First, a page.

What’s Cooking? Polk County Farm to Fork Trail in the works
Published 12:15 pm Tuesday, August 9, 2022
A small group of farmers, restaurateurs and winemakers is developing a food and drink trail around Polk County that visitors can follow to experience firsthand what makes the area special.
The Foothills Farm to Fork Trail is being organized by five agriculture-related businesses and their leaders. They plan to build on the synergy that links farms and restaurants, and want to add more people to their group.
Creating the trail are representatives from TK Family Farm, Looking Glass Creamery, The Rural Seed, Mountain Brook Vineyards and Caitlyn Farms.
“Our goal is to show how coordination and collaboration among farms, wineries and restaurants can benefit an entire community by bringing tourism, new and repeat customers who share in the incredible experience of visiting and enjoying our region,” said Brittany Klimstra, co-owner and operator of TK Family Farm in Green Creek. She and her husband Jon, along with their three children, operate a high-density trellised apple farm, the first of its kind in Polk County.
Klimstra and Carole Gassaway, marketing, catering and front-of-the-house manager at The Rural Seed restaurant in Columbus, turned to Kelly Elliott of Caitlyn Farms in Mill Spring when looking for a like-minded entrepreneur to help develop the trail.
They rounded out the formative group by adding Jen Perkins, owner and cheesemaker at Looking Glass Creamery in Columbus, and Lindsay Johnston, marketing and events manager at Mountain Brook Vineyards in Tryon.
This is the beginning stage of the trail’s development, and they are inviting similar entities to join and participate in creating a large trail that could expand to surrounding counties. An organizational meeting will be held on September 17 at 6 p.m. at Mountain Brook. (Sign up at https://foothillsfarmtoforktrail.org)
Already in the works is the creation of non-profit status and developing ways to generate scholarship and internship programs for youngsters who want to pursue careers in agriculture-related fields.
Gassaway was born and raised in Polk County. “I am well aware that we struggle with a balance between progress, population growth and supporting our own economy. It just makes sense to encourage and promote our agricultural community in a way that will bring security to our farmers and jobs to the area without creating a large growth in population,” she said.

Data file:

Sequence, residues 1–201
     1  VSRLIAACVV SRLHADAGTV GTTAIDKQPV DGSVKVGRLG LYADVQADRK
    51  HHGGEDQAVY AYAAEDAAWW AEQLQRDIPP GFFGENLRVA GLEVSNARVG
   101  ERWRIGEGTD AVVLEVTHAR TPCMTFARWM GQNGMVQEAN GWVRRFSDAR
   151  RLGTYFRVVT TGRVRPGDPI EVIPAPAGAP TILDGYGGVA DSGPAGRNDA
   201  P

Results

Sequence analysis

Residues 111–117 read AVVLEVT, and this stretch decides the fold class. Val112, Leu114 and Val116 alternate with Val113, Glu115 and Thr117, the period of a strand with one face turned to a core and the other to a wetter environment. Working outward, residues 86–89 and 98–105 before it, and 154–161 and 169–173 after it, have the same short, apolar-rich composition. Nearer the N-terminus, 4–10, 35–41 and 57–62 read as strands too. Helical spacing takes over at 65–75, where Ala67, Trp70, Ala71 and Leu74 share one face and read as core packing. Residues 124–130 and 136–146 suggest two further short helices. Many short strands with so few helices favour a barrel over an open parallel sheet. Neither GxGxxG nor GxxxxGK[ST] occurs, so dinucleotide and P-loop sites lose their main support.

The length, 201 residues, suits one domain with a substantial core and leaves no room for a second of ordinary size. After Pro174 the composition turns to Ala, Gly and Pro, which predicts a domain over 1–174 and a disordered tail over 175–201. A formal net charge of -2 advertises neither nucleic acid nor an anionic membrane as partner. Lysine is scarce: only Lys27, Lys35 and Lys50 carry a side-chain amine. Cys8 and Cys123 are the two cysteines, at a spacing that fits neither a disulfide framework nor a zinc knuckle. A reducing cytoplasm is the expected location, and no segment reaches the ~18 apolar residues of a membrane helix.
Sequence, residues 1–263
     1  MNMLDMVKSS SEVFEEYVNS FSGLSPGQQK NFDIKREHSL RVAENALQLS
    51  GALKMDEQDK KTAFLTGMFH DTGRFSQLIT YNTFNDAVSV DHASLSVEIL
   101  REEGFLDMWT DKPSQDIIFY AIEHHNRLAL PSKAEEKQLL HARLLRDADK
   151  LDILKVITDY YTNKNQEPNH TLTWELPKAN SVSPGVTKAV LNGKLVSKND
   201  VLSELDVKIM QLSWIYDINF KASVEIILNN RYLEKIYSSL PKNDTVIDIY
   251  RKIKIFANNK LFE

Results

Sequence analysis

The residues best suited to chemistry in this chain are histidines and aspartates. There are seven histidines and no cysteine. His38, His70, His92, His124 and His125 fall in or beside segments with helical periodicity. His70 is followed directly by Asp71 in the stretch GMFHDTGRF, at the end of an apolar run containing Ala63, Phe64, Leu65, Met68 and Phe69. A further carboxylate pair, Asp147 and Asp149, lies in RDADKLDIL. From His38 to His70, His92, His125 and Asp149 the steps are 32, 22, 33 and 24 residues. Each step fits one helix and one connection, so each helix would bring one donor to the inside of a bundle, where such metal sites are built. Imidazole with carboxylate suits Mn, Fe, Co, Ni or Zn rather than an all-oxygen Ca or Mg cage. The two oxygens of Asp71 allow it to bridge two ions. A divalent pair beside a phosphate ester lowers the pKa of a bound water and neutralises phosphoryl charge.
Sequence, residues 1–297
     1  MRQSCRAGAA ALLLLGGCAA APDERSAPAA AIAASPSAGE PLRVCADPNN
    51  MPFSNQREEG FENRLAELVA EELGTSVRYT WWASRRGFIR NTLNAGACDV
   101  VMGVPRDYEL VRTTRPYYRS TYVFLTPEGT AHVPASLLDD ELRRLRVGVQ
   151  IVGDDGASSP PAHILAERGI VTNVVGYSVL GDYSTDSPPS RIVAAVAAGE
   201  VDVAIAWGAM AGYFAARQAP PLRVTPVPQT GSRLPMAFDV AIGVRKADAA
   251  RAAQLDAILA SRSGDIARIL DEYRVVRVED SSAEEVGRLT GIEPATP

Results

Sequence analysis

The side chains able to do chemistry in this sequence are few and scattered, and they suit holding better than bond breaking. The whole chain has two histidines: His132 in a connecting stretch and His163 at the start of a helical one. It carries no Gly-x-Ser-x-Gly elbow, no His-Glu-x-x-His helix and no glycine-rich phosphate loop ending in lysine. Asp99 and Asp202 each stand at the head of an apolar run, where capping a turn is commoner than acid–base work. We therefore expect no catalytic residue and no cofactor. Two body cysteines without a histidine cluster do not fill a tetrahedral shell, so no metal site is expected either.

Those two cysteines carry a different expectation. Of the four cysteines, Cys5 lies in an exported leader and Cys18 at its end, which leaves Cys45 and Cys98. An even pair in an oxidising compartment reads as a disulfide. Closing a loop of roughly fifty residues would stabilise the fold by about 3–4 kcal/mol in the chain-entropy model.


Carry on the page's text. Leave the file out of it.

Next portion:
Jennifer Perkins, cheesemaker and owner of Looking Glass Creamery, already is a trailblazer. She brings to the group first-hand experience because she started the Western North Carolina Cheese Trail and the Carolina Mountain Cheese Fest before expanding her family business from Asheville to Polk County.
“An organized effort like this trail is in line with the long-term plans of the county to preserve the agricultural heritage of Polk,” Perkins said. More people interested in farming are going to move to Polk from places such as Asheville. “It would be great to have this effort lead the way to connecting and supporting them,” she said.
Lindsay Johnston, marketing and events manager at Mountain Brook Vineyards, wants the trail to bring young talent to the county. “Our region has such great diversity and much of WNC’s wine business is yet to be discovered. The wines now coming out of this area are exceptional.”
Caitlyn Farms supplies locally grown beef to several restaurants, stores and markets in Western North Carolina, and Kelly Elliott believes the trail effort will further enhance how visitors “get the real and beautiful experience that is within this area.”
Collaboration and education are driving the effort.
“With the collaboration among many farms, we can grow sustainably as a family farm and focus on investments here that will serve our community and our family long term,” Klimstra said.